Mineral map of the Moon from M3
Mineral map of the Moon from M3 The Moon Mineralogy Mapper is a spectrometer, which returns hundreds of measurements of the brightness of the surface at each pixel in its images. The spectral data can be processed to yield maps of the abundance of minerals on the Moon. In this RGB image, the red channel is the brightness of the surface at a wavelength of 1580 nanometers; bright areas contain more plagioclase feldspar and less mafic minerals, indicating the lunar highlands material. The green channel represents the depth of an absorption feature at 1000 nanometers, while the blue channel represents the depth of an absorption feature at 2000 nanometers. These two channels map the presence of iron-bearing "mafic" minerals common in the maria basalts. Different-age lava flows contain different abundances of these mafic minerals, resulting in different colors in this map. ISRO / NASA / JPL-Caltech / Brown University


The Chandrayaan-2 mission is ISRO’s second mission to the Moon, and the agency’s third interplanetary mission after Chandrayaan-1 and the Mars Orbiter Mission, which launched in November 2013 and entered Mars orbit in September 2014.

Chandrayaan-2 consists of three main components. The first, also with the same name as the overall mission, is the orbiter. This will carry the other two components and will be placed in a circular lunar orbit, at an altitude of 100 km above the lunar surface. The second is the Vikram lander, which will be soft-landed on the surface, and will carry a set of instruments to conduct scientific experiments. The third will be the Pragyan rover carried aboard Vikram, which will be deployed onto the surface. This autonomous vehicle will carry its own set of instruments to conduct experiments over a planned 14-day life span.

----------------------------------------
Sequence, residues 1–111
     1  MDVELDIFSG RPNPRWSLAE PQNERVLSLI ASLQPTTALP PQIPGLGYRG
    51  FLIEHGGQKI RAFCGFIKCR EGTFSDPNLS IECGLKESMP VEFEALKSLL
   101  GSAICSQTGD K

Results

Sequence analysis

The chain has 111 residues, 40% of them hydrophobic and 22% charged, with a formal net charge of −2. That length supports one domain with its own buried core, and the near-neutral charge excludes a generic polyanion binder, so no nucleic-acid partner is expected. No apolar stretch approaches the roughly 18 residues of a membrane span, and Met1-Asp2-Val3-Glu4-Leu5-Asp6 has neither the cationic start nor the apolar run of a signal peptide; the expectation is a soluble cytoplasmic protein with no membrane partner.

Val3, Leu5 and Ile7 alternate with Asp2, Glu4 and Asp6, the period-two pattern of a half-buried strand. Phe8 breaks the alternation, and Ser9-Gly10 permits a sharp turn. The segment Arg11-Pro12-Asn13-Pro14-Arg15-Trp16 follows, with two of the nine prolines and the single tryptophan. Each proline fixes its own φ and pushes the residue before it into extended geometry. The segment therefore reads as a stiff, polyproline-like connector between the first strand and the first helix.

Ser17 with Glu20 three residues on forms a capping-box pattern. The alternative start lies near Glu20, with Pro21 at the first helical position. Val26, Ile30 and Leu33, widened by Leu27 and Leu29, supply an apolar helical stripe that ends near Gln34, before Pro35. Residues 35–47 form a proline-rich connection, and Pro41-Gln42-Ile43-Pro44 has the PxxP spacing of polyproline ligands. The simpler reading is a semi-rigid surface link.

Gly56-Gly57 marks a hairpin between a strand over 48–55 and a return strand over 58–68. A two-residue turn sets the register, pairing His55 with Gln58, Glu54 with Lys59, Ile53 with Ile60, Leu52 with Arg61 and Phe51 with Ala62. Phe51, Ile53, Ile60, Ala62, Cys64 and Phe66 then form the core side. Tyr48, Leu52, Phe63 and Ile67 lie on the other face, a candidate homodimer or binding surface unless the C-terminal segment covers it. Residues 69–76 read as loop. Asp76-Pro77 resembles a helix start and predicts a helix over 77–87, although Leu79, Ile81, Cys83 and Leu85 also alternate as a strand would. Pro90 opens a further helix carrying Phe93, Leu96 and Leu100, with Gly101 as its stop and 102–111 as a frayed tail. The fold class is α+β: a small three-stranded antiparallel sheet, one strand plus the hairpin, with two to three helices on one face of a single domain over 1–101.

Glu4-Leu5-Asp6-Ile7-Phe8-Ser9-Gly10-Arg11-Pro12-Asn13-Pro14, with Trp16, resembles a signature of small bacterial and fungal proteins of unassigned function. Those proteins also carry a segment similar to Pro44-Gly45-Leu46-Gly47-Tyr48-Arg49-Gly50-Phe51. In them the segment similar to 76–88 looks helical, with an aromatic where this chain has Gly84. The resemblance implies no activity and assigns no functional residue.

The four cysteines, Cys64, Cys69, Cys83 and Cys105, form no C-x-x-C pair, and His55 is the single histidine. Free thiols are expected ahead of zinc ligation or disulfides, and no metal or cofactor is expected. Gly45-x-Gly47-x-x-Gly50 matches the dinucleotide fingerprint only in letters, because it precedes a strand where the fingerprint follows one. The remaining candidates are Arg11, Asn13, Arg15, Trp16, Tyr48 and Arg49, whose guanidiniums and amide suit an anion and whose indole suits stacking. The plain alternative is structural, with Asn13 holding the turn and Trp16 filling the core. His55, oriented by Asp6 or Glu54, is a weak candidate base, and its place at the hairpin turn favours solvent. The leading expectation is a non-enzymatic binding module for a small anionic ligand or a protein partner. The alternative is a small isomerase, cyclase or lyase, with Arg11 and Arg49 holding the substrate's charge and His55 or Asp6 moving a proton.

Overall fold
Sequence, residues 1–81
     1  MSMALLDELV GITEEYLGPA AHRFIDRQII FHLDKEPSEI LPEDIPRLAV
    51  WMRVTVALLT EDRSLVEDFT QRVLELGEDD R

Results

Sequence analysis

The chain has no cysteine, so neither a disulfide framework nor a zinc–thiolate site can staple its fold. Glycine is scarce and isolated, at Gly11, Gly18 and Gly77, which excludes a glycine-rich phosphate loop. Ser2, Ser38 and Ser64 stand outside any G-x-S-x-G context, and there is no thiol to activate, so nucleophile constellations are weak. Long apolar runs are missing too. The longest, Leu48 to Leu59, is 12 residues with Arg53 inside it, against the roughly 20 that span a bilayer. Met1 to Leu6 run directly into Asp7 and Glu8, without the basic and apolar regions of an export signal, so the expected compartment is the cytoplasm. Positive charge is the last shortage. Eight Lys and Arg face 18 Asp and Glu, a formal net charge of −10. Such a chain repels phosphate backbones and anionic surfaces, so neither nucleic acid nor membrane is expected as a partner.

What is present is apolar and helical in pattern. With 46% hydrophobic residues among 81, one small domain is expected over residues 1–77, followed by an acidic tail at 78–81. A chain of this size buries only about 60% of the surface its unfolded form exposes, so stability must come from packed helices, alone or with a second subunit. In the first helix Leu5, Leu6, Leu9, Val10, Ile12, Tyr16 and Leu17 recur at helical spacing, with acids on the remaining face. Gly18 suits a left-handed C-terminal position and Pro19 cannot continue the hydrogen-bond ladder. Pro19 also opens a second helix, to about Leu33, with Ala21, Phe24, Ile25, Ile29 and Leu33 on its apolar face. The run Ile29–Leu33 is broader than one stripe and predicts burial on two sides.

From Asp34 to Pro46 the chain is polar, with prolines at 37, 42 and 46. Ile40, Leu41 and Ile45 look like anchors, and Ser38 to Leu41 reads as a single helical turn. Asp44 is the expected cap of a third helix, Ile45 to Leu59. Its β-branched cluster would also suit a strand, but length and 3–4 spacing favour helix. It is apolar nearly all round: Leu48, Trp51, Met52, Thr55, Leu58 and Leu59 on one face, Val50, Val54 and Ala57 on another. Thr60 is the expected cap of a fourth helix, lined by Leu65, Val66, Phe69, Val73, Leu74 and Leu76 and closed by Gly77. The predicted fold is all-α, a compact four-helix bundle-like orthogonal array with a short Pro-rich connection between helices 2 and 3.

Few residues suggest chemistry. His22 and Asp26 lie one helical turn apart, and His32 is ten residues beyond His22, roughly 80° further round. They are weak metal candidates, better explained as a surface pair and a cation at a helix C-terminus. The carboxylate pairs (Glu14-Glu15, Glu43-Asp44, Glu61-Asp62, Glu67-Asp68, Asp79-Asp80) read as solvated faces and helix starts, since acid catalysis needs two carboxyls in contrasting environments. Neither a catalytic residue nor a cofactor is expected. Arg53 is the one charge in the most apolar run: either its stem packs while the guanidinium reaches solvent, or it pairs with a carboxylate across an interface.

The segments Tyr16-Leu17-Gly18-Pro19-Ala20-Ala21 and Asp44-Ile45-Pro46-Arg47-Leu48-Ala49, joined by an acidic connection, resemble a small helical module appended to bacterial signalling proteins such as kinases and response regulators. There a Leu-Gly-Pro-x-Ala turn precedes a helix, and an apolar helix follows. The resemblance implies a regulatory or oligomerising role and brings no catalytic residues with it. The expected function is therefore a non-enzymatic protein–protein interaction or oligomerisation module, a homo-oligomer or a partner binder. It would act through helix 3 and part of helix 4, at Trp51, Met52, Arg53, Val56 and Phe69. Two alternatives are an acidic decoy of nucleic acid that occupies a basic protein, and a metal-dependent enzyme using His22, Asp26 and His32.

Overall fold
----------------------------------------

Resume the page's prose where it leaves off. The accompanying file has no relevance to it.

The landing site for Vikram and Pragyan is near the lunar south pole, at about 70° south latitude, though other reports have indicated landing sites even closer to the south pole.

Chandrayaan-2 Orbiter

Chandrayaan-2 cruise configuration
Chandrayaan-2 cruise configuration This screenshot from an ISRO video shows Chandrayaan-2 cruising above the Moon. The Vikram lander (top section) is still connected to the orbiter at this point in the mission. ISRO

The Chandrayaan-2 orbiter, which will weigh 2,379 kilograms at launch, will carry a propulsion module including a liquid propulsion engine and onboard fuel for raising its orbit from the initial elliptical earth parking orbit in which it will be placed after launch. A series of orbit raising burns of its liquid engine will raise its orbit until it reaches a lunar transfer trajectory, where its orbit will bring it close enough to the Moon to be captured by lunar gravity. A series of burns will then lower its orbit to a 100-kilometer circular lunar orbit. The engine onboard the orbiter will also be used for maintaining this orbit during the course of the mission.

The second function of the orbiter will be to carry the lander-rover module and release it for its soft landing. A high-resolution camera aboard Chandrayaan-2 will image the planned landing site to help fine-tune the landing phase of the mission. It will also carry communication equipment to facilitate communications between the lander and rover, and the mission control center on earth. The orbiter's primary mission will last 1 year.